VALDOSTA – Masonia Traylor recently shared the story of a 23-year-old woman, one whose life changed when diagnosed with HIV.
The narrative of this woman continues with the discovery of her pregnancy just two weeks after her diagnosis.
This story, Traylor’s story, was told to a crowd at a health forum and luncheon recently sponsored by the Department of Public Health South Health District at The Patterson.
The gathering was part of South Health District’s week-long observance of World AIDS Day, which was recognized globally Dec. 1.
“That young lady was me,” Traylor said in a speech. “I was working in that pharmacy as a technician. I was pregnant with that baby. I did, at the time, already have a 7-year-old child, a son.”
In front of staff and community members, she depicted her experience of developing “self-inflicted shame” and being faced with judgment after learning she had HIV.
She shared details of how she told her son about her HIV diagnosis.
The child she carried, a daughter, was born HIV-negative, she said during her speech.
Since then, Traylor has embarked on a mission to become a community advocate.
Her advocacy journey continued as she educated and informed participants about prevention methods, support, medications and treatments.
“What will it take to slow down the epidemic here in Valdosta? … One of the things that I’ve learned from speaking for eight years out of the nine years I’ve been living with HIV is that it will take the will, the ongoing will and momentum,” she said. “What it took for me to be here today, choosing to be here today. That is a will. The will that has to continue moving forward.”
Althea Daniels is the clinic manager and health-care program consultant supervisor for South Health District.
She said it was after reading Traylor’s story she knew it had to be told.
“We want to make sure that we have people like Masonia who’ve been impacted by HIV and someone who had kind of an unconventional story,” Daniels said.
"I love how she was able to break it down and tell each and every one of us that we have some degree of risk for HIV.”
Daniels said she believes miscommunication and misunderstanding of HIV is circulating in the region.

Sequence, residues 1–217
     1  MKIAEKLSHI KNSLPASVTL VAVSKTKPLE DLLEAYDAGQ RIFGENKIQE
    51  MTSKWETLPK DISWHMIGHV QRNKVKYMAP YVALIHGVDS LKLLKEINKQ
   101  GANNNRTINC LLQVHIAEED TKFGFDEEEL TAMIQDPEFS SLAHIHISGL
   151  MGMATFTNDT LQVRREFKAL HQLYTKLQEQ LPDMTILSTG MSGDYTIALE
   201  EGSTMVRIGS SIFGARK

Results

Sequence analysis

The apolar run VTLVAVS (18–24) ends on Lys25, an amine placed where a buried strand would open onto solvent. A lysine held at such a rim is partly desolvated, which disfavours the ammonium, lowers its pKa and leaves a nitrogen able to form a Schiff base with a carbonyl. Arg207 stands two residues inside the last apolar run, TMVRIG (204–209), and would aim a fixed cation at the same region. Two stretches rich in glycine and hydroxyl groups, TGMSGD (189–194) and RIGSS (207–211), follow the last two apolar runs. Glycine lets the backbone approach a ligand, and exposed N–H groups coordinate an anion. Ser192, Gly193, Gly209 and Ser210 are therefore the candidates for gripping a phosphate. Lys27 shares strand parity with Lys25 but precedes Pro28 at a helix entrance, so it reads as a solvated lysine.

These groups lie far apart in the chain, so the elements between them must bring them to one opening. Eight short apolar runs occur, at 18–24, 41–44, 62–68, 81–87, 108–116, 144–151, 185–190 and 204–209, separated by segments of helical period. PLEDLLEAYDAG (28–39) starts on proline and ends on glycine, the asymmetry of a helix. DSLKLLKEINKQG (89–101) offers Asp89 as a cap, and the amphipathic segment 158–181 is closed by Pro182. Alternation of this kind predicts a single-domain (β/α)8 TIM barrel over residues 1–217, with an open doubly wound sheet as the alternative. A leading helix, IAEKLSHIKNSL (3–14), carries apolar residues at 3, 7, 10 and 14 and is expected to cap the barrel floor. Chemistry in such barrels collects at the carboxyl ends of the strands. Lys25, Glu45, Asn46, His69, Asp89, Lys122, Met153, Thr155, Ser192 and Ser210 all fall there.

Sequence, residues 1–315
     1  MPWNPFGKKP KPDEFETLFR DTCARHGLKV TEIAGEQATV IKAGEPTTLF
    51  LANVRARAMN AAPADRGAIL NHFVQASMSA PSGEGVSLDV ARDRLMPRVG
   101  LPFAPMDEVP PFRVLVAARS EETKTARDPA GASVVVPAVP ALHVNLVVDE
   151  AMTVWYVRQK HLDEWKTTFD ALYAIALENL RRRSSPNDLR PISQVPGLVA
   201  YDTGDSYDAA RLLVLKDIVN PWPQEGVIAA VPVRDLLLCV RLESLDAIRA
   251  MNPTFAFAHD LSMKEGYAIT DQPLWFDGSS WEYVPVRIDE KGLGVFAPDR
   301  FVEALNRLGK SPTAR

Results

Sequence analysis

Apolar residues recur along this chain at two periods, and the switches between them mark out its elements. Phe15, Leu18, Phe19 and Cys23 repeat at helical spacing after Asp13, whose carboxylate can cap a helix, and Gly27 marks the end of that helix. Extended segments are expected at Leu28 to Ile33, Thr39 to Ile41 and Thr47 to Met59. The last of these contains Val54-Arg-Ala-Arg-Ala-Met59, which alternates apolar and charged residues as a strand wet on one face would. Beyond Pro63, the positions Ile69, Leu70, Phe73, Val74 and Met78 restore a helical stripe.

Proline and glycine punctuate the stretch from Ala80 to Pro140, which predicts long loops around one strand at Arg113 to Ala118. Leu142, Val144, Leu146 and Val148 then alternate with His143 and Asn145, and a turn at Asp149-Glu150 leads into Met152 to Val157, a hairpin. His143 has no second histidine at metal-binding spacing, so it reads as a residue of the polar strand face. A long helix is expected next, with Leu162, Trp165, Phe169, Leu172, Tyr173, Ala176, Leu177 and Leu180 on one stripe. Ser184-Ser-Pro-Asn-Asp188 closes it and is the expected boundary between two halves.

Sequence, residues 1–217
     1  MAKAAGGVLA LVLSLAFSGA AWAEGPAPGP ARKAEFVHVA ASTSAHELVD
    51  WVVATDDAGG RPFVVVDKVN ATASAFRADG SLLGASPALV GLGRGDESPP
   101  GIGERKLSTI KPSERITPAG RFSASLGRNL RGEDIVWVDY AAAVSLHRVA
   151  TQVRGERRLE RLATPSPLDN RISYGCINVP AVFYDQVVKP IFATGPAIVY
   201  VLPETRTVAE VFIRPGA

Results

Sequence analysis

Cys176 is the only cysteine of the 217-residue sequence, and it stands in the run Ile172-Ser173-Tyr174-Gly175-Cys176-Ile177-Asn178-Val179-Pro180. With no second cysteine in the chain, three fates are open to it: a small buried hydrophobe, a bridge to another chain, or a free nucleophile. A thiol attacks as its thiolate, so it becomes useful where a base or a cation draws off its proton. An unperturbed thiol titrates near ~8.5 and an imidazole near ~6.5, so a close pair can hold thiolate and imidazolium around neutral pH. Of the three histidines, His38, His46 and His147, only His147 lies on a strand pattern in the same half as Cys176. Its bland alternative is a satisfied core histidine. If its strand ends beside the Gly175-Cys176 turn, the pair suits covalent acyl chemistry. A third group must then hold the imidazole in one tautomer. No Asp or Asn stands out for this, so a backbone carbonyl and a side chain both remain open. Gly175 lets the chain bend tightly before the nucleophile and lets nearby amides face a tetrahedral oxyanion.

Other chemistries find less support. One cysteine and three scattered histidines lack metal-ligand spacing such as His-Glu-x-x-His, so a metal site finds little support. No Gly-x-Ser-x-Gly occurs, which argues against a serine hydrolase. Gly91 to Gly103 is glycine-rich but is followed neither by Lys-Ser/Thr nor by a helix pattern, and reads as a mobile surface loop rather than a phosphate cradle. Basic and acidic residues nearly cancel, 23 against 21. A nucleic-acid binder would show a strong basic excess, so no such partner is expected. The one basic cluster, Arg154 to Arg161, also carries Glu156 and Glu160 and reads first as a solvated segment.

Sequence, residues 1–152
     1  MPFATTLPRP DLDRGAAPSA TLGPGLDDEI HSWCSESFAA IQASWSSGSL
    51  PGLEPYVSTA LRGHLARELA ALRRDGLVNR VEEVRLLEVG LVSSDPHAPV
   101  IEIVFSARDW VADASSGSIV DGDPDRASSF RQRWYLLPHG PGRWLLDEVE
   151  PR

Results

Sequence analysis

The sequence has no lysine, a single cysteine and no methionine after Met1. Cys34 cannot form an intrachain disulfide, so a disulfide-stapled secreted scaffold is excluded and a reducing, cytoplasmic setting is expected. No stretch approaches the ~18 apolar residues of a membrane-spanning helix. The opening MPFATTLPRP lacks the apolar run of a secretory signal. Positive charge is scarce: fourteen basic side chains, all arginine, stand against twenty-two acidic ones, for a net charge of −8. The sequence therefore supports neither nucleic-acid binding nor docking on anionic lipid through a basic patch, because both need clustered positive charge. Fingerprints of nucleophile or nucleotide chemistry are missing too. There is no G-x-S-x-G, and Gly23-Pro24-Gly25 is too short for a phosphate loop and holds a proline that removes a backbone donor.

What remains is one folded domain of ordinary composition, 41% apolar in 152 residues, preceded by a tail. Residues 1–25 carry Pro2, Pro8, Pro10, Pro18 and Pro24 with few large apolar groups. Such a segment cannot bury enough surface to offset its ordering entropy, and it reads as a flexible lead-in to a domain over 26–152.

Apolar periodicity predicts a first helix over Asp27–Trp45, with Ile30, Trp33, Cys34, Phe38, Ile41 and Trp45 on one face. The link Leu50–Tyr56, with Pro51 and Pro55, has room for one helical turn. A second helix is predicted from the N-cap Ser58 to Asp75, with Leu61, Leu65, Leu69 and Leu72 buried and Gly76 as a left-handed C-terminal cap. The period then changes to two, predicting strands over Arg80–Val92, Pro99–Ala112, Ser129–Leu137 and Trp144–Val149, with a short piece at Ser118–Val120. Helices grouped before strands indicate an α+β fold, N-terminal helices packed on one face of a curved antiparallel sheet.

Following Traylor’s speech, a panel fielded questions to assist people in gaining a better understanding.
Traylor sat on the panel along with Tiffany Newsome, advocate and founder of Blossoming in Red, and Percy Chastang Jr., youth development coordinator with the Office of Adolescent and School Health for South Health District.
One person asked about ways to support a friend who has developed HIV through a rape.
Traylor advised meeting that person with compassion and love.
“It is a very unfortunate thing to happen; however, just consistently encourage them that their experience is not what makes them who they are,” she said, “and that they still have value, they still have purpose and that they still are deserving regardless of how it happened.”
Chastang echoed her by advocating for encouragement, counseling and healing.
Another person asked about the stigma of HIV; Newsome responded the effect is negative.
“When someone says that they’re infectious or they’re sick, and they kind of display all the bad things about HIV, it makes the person who has HIV feel kind of depressed sometimes,” she said, “and it’s hard to feel good about yourself when, sometimes, you feel as if others look at you in a nasty way.”
Newsome said when she disclosed her status with HIV in 2018, people assumed she was promiscuous.
“It is at an all-time high with stigma here in Valdosta, Ga., and surrounding counties but it does affect how other people feel when you think negatively of them,” she said.
As part of the forum, South Health District staff participated in a runway fashion show modeling various styles of red clothing.
Speaking to the theme, Rock the Ribbon, red-ribbon pins were given to each attendee and all guests were asked to wear theirs.
Other activities during the week, in observance of World AIDS Day, South Health District held a proclamation and candlelight vigil.
The department also screened “The Ryan White Story” on Valdosta State University’s campus.
South Health District offers free HIV-testing in the 10 counties it serves.
Visit southhealthdistrict.com for more information.
The Georgia Department of Public Health reports a total of 2,698 people who were diagnosed with HIV in Georgia in a 2017 HIV Surveillance Summary. Of this total, 2,089 were male and 587 were female. Twenty-two identified as transgender. The age group 20-29 had the highest number of cases with 1,049, DPH reports.